Massage and Japan
Massage therapy is omnipresent everywhere in big cities:
Temomin, Global Sports, Raffine, Queensway... and many others.
For a very reasonable amount of time you can reload up, without killing your travel budget.
Going to a massage therapy place is a real treat to yourself. Your menu goes like this:
1. choose the part of your body you want to relax: feet, shoulders and neck ...
2. choose your time: it usually starts at 15 minutes and you can go up to 60 minutes by increment of 10 minutes. Price is related to time (approximately 1000 yen for 10 minutes).
3. choose extra service: oil, aroma therapy essence...
and 4, the best: relaaaaax!
All the chains are very competent, staff people are nice and kind. But they are strong! Do not underestimate them: they know where your body aches and they will make it go away!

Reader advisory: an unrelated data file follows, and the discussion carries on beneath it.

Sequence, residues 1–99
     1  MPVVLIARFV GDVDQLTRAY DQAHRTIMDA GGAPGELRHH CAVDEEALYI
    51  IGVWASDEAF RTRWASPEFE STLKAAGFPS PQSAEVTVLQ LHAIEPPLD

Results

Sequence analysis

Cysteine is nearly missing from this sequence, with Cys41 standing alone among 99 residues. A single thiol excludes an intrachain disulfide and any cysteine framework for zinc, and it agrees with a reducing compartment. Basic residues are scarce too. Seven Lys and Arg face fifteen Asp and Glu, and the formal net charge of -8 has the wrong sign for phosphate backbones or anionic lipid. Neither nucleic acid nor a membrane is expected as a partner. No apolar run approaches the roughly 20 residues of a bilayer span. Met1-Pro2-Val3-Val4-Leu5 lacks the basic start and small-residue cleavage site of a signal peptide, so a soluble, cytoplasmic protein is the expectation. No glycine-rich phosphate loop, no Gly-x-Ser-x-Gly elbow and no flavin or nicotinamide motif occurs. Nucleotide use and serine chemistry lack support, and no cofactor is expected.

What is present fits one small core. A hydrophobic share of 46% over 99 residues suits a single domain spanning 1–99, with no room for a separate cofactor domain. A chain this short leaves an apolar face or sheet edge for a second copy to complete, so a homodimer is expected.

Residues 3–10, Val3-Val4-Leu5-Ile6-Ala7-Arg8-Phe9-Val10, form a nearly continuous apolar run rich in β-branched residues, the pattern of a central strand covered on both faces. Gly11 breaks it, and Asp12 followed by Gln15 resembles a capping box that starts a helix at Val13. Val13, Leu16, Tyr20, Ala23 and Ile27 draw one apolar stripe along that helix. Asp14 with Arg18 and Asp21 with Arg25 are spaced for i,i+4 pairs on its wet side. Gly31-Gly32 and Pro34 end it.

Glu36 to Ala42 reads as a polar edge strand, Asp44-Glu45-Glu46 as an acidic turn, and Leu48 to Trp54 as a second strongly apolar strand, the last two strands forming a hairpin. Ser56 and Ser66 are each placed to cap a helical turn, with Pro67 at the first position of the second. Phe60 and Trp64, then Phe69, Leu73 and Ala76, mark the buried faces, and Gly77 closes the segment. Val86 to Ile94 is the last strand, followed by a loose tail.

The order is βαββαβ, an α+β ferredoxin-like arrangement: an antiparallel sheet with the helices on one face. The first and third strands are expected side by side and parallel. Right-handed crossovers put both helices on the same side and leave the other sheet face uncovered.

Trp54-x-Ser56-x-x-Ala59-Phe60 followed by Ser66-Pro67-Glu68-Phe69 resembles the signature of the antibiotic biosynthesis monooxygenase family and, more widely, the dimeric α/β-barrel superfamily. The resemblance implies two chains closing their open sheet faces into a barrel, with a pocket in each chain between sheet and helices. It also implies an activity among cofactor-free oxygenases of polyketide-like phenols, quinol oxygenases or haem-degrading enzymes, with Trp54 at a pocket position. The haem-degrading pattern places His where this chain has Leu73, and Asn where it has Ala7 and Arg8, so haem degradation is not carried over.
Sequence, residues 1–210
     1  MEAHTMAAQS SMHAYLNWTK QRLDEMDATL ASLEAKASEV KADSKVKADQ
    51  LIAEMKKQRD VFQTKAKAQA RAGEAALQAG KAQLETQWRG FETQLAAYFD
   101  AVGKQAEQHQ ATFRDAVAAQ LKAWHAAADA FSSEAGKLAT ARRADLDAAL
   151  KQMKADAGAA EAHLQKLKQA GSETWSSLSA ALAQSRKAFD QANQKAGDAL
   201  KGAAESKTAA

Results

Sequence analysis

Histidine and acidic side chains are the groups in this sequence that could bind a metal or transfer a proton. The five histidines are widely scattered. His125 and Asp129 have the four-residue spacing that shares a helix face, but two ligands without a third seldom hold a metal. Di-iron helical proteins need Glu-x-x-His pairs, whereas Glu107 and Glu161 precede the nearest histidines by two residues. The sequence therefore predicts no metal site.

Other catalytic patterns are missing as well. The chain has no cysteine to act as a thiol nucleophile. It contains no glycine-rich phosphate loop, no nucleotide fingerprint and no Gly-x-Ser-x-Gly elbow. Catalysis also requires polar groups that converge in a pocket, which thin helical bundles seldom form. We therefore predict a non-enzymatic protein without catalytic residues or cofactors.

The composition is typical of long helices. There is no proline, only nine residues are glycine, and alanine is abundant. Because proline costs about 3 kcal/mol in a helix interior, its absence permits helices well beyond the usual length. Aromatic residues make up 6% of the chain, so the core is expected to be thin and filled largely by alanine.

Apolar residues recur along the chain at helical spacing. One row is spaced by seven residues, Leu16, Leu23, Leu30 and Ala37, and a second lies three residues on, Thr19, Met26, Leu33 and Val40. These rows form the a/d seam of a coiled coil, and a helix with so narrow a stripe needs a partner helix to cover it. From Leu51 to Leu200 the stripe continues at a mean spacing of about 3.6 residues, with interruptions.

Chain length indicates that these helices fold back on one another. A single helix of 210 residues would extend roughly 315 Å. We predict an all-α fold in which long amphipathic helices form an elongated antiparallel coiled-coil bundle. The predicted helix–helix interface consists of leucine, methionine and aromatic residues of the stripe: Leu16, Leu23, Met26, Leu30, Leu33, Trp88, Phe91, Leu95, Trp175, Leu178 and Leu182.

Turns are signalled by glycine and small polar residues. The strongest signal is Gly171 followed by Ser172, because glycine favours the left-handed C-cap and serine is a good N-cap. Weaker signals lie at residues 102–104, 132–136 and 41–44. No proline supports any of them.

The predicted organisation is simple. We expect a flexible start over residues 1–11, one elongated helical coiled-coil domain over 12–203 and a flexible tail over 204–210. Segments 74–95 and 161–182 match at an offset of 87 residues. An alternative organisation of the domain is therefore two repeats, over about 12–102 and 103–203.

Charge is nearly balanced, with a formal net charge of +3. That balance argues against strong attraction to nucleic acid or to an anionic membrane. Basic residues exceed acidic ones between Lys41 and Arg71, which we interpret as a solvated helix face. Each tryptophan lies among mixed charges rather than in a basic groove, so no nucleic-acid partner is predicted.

My favorite place is Global Sport. http://www.global-sports.co.jp/
All the staffs are very well trained, and not only for relaxation but also for healing: they are as close as it gets to a kinetherapist.
There, beside the usual back and shoulders massages, you can get a lymphatic facial massage. Well, facial and neck and scalp and shoulders actually...
This treatment is just f.a.b.u.l.o.u.s. You start with a peeling, then a steam bath, and an oil massage. oooooh. You just do not want it to stop!
And, your skin gets rid of 10 years of "use". If you are 20 years old, it does not really matter, but if like me, you have, hum, more than doubled that age, well, it does mean something!
So, what is oyakoko? Litteraly it means: "show filial piety to your parent"
Basically, it means that the child would do a shiatsu massage on the neck of his dad, coming back from work, to release him from stress and show his gratitude for working hard to feed and educate him or her... A big word to say that parents are really using any kind of excuse to get a free neck shiatsu massage!